Abike Dabiri-Erewa Nigeria Diaspora Commission
Since the nation started to keep track of the diaspora remittances over the last ten years, the figures have continued to soar
Africans in Diaspora are continuing to impact the economies of their various nations. Emerging statistics for 2019 reveal that remittances to the continent are on the rise. The World Bank estimates that some $550 billions would have been remitted in 2019 worldwide. The World Bank estimates that $47 billion of this amount went to Sub-Saharan Africa.

The Central Bank of Nigeria, CBN, in recently released statistics noted that remittances to Nigeria in 2019 made up more than a half of this $47 billion figures of The World Bank. In 2019, Nigerians in the Diaspora remitted an estimated $25.5 billion dollars, continuing with the trend of 2018 when similar $25 billion was remitted. With this development, the remittances by Nigerians abroad becomes the largest foreign exchange earnings for the nation surpassing oil which had been the major foreign earner for Nigeria in the past decades. Earnings from oil in 2019 with all the attendant fluctuating prices on the international scene were pegged at about $15.4 billion dollars.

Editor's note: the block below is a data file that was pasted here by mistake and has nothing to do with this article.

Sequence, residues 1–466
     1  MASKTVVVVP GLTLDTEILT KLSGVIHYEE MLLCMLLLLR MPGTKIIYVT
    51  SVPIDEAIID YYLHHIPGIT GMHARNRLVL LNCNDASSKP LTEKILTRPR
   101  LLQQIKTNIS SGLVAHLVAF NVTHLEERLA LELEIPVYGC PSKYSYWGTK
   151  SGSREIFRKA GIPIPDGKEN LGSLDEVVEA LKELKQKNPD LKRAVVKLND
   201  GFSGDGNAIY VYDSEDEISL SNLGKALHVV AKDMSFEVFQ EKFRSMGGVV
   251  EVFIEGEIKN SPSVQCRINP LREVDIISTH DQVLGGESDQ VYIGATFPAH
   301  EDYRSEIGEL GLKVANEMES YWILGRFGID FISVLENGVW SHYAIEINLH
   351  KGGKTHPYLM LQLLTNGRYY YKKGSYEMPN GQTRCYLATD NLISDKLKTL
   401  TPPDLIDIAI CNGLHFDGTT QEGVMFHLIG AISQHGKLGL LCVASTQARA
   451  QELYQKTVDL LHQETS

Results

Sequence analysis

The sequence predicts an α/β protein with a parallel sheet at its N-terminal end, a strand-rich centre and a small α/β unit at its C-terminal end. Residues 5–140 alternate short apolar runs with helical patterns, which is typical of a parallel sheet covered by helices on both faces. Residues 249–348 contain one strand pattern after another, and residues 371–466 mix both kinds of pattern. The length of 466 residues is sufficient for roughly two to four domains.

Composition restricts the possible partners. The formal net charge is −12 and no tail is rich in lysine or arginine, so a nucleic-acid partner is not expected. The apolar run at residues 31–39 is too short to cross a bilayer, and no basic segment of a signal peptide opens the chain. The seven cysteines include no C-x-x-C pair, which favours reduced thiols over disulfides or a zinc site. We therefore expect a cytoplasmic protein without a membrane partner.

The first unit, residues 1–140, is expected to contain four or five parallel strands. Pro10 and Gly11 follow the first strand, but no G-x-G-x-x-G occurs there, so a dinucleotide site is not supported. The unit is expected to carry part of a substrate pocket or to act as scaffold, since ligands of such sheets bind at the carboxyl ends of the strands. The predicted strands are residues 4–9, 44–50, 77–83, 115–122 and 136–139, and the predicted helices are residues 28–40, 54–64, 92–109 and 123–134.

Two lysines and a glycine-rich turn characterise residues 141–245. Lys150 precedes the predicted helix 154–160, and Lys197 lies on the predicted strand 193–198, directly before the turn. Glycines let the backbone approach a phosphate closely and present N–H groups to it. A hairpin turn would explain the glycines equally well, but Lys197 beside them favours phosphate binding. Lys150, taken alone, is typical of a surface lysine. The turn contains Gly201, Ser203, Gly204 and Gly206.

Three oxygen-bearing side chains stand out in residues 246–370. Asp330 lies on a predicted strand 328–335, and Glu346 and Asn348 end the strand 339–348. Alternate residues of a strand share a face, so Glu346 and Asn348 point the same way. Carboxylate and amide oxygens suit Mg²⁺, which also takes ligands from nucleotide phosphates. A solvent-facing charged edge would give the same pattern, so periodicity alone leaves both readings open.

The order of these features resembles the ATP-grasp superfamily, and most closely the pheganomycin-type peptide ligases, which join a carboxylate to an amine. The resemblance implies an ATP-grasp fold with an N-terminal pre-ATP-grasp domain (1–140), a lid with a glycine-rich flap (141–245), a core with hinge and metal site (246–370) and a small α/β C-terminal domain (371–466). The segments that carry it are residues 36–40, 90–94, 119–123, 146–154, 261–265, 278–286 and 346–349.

Since the nation started to keep track of the diaspora remittances over the last ten years, the figures have continued to soar, enabling those responsible for economic policy formulation to regard diaspora remittances as a stable means of generating forex and source of stability to the Naira. The steady inflow of the remittances all year round has had a positive effect on the Gross Domestic Product, GDP, of Nigeria.

Chief Adolf Oledibe a Hotelier in Rome invests in Nigeria
Dr Charles Obayagbona a certified public auditor and chartered accountant in Northern Italy engages with Nigeria
The remittances as a source of forex for the nation has been hailed by experts within and outside the nation. The World Bank see more rises in the foreseeable future. The effect of the diaspora remittances is being felt because it put forex directly into the economy. These are monies which trickle down to the very base of society. The artisan or trader receiving money from a relative abroad puts the money directly into the economy.

The recent upsurge in remittances has again brought to the fore the question of Nigerians abroad having a say in how candidates are elected to lead the nation. They have been campaigning for the right of the Nigerian in diaspora to vote in the nation’s election. Abike Dabiri, who heads the Nigerian Diaspora Commission is sure there would be much “drive” in 2020 to amend the relevant laws so that her compatriots in the Diaspora can vote. She notes the huge volume of cash flow into the Nigeria economy from the diaspora and adds they could no longer be ignored.

A vibrant diaspora community in Europe sends money home year round